The opinion of the court was delivered by: ZAVATT
This is an application for a writ of habeas corpus pursuant to 28 U.S.C. §§ 2241, 2242. Petitioner was convicted by a jury in the County Court, Suffolk County, on two counts of selling and two counts of possessing narcotic drugs. He was sentenced to concurrent terms of five to seven and one-half years on the convictions for selling narcotics and given a suspended sentence on the convictions for possession. When this application was originally filed in the United States District Court for the Northern District of New York, the petitioner was incarcerated in Auburn State Prison. Since that time the court has been advised that he has been paroled. It is settled that one who has been released on parole may seek habeas corpus relief, because he is "in custody" within the meaning of 28 U.S.C. § 2241. Jones v. Cunningham, 371 U.S. 236, 83 S. Ct. 373, 9 L. Ed. 2d 285 (1963). Under New York law, however, although petitioner has been released on parole, he remains "in the legal custody of the warden of the prison from which he is paroled, until the expiration of the maximum term specified in his sentence," New York Correction Law, McKinney's Consol. Laws, c. 43, § 213, because he was sentenced prior to the effective date of the recodified New York Penal Law, McKinney's Consol.Laws, c. 40, enacted by L. 1965, c. 1030, effective September 1, 1967. Those sentenced subsequent to the recodified Penal Law, and thereafter paroled, are in the custody of the New York Board of Parole. New York Correction Law § 805, subd. 6, effective September 1, 1967. Therefore, there is no necessity to add or substitute members of the Parole Board as parties to this proceeding, as was necessary in Jones v. Cunningham, supra. See United States ex rel. Sadness v. Wilkins, 312 F.2d 559 (2d Cir.), cert. denied, 374 U.S. 849, 83 S. Ct. 1910, 10 L. Ed. 2d 1069 (1963). Since the filing of the petition herein, Daniel McMann has become the Warden of Auburn State Prison. This fact has been noted by the court in the caption hereof.
Petitioner seeks to invalidate his State conviction upon the ground that he was denied the effective assistance of counsel guaranteed to him by the Sixth Amendment to the Constitution of the United States in that his attorney simultaneously represented an important witness for the prosecution.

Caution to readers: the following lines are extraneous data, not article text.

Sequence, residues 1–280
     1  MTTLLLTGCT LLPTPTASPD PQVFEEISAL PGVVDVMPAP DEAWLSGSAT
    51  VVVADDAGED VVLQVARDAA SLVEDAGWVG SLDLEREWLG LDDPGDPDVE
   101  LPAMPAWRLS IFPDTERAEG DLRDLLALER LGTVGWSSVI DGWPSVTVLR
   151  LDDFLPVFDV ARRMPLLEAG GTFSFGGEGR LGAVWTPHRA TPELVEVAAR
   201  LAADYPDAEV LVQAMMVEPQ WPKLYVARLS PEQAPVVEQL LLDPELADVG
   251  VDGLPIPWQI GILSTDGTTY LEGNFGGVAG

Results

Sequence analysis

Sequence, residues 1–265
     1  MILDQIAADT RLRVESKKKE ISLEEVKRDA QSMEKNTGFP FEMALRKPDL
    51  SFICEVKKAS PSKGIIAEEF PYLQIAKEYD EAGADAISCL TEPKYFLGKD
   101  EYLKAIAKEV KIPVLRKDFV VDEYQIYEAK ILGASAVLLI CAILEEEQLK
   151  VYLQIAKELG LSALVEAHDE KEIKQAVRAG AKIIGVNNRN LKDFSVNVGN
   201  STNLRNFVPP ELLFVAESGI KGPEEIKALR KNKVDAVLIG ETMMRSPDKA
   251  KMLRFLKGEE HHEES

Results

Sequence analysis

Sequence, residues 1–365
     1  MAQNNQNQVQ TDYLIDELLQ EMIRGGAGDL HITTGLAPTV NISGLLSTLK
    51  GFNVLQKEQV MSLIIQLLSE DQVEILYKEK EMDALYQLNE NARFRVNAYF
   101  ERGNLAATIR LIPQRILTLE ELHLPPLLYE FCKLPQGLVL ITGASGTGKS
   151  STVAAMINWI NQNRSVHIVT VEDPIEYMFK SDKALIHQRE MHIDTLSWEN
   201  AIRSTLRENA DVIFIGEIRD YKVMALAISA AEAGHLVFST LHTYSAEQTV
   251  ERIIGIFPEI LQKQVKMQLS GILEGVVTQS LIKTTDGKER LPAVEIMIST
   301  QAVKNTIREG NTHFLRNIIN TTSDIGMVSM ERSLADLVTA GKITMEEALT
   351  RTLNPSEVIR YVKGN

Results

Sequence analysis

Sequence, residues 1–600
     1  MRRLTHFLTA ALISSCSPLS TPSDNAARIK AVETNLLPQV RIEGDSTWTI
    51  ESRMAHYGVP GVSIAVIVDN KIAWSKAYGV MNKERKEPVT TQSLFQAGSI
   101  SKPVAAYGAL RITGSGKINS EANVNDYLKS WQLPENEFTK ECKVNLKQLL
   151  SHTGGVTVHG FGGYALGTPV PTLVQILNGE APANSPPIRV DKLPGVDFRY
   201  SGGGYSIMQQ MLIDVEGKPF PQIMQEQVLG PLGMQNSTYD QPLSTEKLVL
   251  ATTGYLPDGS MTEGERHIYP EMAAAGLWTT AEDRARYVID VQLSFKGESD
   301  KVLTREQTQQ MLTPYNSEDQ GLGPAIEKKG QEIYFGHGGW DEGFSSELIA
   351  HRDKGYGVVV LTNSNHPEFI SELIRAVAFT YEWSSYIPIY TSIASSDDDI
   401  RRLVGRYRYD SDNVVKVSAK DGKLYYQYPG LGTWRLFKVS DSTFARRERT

Judge Port found that petitioner had exhausted his State remedies as required by 28 U.S.C. § 2254 and also that an evidentiary hearing was necessary. Pursuant to 28 U.S.C. § 2241(d), the application was transferred to this court for hearing and determination. A hearing has been held, and as a result thereof, the application is granted.
The principal witness against the petitioner at the trial was R. S. Cantu, an agent for the Federal Bureau of Narcotics. Mr. Cantu testified that he was introduced to petitioner by one Rudy Cordova, a narcotics addict and "special employee" of the Bureau, at a bar in Wyandanch, Long Island; that Cordova inquired of petitioner whether he could obtain "junk" (narcotics) for Cantu; that petitioner left the bar and shortly thereafter returned with four packages of heroin which he sold to Cantu. Cantu also testified that on a date subsequent to this transaction, petitioner sold Cantu several marihuana cigarettes which had been concealed in the horn rim of his automobile. Other police officers corroborated some of the details of these transactions; i.e., that Cantu, Cordova and petitioner were together in the bar, that petitioner left the bar and returned a short while later, and that Cantu showed them "powder" subsequent to the purported transaction. The officers also testified that, on another occasion, they saw petitioner hand currency to Cantu after taking something from the horn of his automobile. The only witness that corroborated Cantu's testimony that petitioner sold narcotics to Cantu, on the basis of personal observation of the passing of narcotics, was Cordova. Petitioner testified in his own defense, admitting that on the days in question he met Cantu and Cordova, but denying that he sold narcotics to Cantu.
Petitioner was represented at his trial by one Edward LaFreniere. According to his testimony at the hearing on the instant petition, petitioner first met LaFreniere at the Suffolk County Jail shortly after his arrest. LaFreniere was "walking along taking everybody's name." Petitioner testified that LaFreniere announced, "If you need a lawyer * * * I am a lawyer," and, thereafter, he was retained by petitioner who paid him $300. Petitioner claims that he did not see his attorney from the day following his arrest until his appearance in court to stand trial. The only advice that he got from LaFreniere during that time was to waive a preliminary hearing. The testimony of LaFreniere seems to corroborate that of the petitioner. During cross-examination by the petitioner's attorney, at the hearing on this petition, the following colloquy occurred:
"Q: Now, Mr. LaFreniere, do you recall how much time you devoted to discussing Mr. Williamson's case with Mr. Williamson before the case went to trial?
Q: Could you tell us from your judgment practically how much time it might have been at the most?
A: Do you want me to shock you?
A: Well, when we started to pick the Jury. That's right. The Judge would call me up in the afternoon and say, 'We are going to start at 3:00,' or 'We will have a Jury come in at 1:00 o'clock.' He would tell me that that night. And that you've got to be ready the next morning."
LaFreniere also testified that if his clients wanted to talk with him prior to their trials "They would have to go up to the ...